Welcome back, everyone! I hope you’ve been enjoying the snow, otherwise I’m guessing you’re pretty miserable by now. Well, put another log on the fire, and let’s get down to the good stuff!
Last week we looked at the evolution of a single word, “court”, and everything that comes before, around, and after it, as well as a quick glance at a cousin, “cohort”, that took a different historical path. Different route, same root. Get it? Anyway, the linguistic terms we’ll use for these relations, if I may steal them from relations between languages, are “mother”, “sister”, and “daughter”. (In-law I made up, but for good reasons.) All of the above are “cognates”.
All words have mothers, of course, just like all languages, unless you go so far back that the line between random grunts and actual human language starts to blur. Most languages also have sisters, and a smaller number of mostly dead languages have daughters. For example, English, Dutch, and German are all sisters whose mother is Old Germanic. Meanwhile, Sanskrit is still alive and has many daughters, and has even outlived some of them, including (the most part of) Latin and Ancient Greek.
The farther back you go, the more languages start to look disturbingly similar. There are certainly bigger families, including Germanic, Italic, Slavic (Russian-type), Indic, and huge bushels of North American, African, Sinitic (Chinese-type), Australian, Uralic (weird-type… just kidding), and other languages. Staggering, really. But before that, the whole first half of that list looks like it would be better grouped as Indo-European; they just share too many similar roots. Go further back and a few rare linguists even suggest that they’re all from the same thing (for example, almost all the languages in the above groups have a word for “mother” that begins with “m”—could it really be coincidence, they ask?).
So what do they share? What genes do they pass on, so to speak? At the most surface level, and what we’ll start with today after last week’s lead-in, is the vocabulary. I say “surface” because there are a lot of things lurking under it, but they’re harder to see—and often less exciting.
Vocabulary, on the other hand, has the magical ability of changing form like a chameleon while revealing itself to be the same if you just poke it. It’s also so versatile that, unlike other language features, it can jump across languages and nestle in. It’s been doing so in English for so long that we have a gigantic vocabulary, much of it a pastiche of everyone else’s hard-earned words. See, English is kind of slutty, sleeping with and making daughters with every language it runs into on the street.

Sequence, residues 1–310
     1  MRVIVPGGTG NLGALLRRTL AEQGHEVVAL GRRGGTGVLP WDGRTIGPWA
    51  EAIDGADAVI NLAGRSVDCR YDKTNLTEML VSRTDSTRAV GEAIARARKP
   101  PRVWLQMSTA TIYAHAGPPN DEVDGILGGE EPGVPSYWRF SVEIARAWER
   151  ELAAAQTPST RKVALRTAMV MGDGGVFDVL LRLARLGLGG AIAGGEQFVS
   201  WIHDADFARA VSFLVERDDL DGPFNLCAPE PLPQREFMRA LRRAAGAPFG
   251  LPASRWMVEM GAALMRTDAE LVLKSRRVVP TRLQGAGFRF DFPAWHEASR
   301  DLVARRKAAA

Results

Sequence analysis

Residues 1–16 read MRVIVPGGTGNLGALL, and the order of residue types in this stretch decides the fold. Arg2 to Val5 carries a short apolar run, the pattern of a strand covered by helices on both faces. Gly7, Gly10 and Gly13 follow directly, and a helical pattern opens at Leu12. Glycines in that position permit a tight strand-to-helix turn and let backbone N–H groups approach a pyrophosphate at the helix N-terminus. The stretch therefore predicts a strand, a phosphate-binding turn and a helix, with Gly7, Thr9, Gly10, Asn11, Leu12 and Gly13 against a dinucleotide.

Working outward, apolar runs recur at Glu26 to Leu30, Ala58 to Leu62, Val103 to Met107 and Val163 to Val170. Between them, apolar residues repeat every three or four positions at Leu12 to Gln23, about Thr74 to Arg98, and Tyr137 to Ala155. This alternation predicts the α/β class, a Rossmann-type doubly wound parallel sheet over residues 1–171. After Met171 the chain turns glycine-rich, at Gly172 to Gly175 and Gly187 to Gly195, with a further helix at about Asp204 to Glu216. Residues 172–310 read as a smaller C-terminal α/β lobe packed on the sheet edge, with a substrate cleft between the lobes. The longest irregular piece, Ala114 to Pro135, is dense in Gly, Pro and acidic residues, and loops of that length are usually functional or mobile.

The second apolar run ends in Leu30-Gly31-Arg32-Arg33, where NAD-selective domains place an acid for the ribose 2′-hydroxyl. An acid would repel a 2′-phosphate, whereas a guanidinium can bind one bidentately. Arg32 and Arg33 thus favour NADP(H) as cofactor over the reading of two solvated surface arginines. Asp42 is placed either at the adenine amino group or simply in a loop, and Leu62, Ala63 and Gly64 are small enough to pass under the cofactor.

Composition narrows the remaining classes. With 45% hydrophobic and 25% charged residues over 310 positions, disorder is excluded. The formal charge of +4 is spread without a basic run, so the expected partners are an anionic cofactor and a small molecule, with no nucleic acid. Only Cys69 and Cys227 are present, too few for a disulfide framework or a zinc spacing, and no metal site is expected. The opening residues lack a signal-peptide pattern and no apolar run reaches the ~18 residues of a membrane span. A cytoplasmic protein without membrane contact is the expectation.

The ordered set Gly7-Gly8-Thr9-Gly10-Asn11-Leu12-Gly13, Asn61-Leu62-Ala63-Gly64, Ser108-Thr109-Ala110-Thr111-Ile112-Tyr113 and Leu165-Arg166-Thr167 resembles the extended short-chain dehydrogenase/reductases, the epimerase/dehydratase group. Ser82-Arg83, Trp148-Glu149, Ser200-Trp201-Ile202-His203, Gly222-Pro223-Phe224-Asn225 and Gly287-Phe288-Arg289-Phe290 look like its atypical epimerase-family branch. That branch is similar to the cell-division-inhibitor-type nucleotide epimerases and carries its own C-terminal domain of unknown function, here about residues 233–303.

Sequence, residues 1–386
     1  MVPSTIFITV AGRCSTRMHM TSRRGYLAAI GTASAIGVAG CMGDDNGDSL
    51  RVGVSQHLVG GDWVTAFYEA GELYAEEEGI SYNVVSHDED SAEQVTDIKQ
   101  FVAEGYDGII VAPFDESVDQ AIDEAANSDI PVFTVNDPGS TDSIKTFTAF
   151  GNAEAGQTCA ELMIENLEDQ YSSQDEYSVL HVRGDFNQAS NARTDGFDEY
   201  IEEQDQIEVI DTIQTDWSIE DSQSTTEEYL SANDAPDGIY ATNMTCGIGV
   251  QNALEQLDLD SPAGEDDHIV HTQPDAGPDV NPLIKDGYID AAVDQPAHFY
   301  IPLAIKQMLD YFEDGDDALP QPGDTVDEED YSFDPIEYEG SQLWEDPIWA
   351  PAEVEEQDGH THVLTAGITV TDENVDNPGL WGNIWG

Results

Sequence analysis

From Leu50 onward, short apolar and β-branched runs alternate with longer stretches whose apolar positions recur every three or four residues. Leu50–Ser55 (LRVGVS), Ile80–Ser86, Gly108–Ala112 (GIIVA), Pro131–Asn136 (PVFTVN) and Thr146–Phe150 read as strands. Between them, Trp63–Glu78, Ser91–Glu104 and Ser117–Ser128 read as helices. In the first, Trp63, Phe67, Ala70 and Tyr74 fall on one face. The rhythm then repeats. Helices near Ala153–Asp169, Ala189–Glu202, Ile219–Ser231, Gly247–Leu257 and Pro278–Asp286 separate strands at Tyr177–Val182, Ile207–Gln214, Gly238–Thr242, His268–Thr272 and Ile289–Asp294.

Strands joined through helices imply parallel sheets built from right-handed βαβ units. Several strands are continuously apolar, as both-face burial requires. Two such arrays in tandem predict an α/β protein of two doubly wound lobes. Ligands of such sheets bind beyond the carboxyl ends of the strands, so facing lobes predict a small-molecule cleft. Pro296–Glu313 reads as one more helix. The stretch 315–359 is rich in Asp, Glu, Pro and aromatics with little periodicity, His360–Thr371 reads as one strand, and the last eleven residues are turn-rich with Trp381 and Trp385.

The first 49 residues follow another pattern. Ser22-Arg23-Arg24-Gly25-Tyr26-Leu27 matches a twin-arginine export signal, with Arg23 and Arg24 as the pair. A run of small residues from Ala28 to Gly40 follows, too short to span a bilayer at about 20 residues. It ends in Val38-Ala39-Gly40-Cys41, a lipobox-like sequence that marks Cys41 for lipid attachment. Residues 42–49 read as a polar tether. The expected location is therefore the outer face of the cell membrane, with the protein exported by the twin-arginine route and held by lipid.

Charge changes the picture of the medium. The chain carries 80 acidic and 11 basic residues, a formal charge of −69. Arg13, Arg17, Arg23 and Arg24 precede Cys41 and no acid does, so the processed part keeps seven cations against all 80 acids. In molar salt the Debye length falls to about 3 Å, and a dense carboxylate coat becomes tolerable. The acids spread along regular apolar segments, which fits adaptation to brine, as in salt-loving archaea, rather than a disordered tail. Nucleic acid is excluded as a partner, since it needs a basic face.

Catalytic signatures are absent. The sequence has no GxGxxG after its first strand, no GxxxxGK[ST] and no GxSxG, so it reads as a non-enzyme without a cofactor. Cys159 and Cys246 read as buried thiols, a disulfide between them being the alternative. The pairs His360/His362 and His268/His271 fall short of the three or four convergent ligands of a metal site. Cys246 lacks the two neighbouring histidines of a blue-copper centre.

Our language also gives back, though; when other languages do borrow, in this modern age it tends to be English they lift what they need from.
Sometimes there’s even give-and-take, as when French gives us “boeuf”, which we transmute into “[roast] beef” before they take it back as “rosbif”. In fact, that last one is so symbolic of English that it is to the French what “frog” is to us… how affectionate!
Words also change more subtly and slowly as they change hands and as the people who use them grow old and get on with their life. That’s like what happened with “court” last week. Its sound changed to keep pace with the language it was in, from cohortus to cort to cour (once pronounced like “cower”, now like “coor”) and beyond. No one at the time noticed these changes; they happened naturally as the language itself evolved, carrying its vocabulary with it in its wings.
They can also change shape. We saw that last week, too. “Court” turned into “courtesy” (noun), “courteous” (adjective), and “courteously” (adverb). It’s called “derivation”: we shove a stock ending onto the word and use it in a new sense. It’s like recycling. English can even do an invisible (“zero”) derivation; “court” (verb) has the same shape as the noun. If only recycling was as easy in real life, I might bother to do it…
Most exciting, at least to me, is how the meaning changes, like how the sisters of “court” range from skirts to armies. That’s where it gets really imaginative, and where the really human element of invention comes into play. You can check out interesting words yourself in an etymological dictionary or, much more realistically for our generation, on etymonline.com
Again: etymonline.com. Why not go look up any one of the many words in this article? If you find (or already know about) a fascinating one, email me about it! I’ll start you off with “etymology” itself: Greek etymon “true, real, actual”, plus logia “study of”. History of words? Bah! More like “study of the truth”! Makes you feel like it’s worth your time now, dunnit?
Tune in next week for more historical linguistics!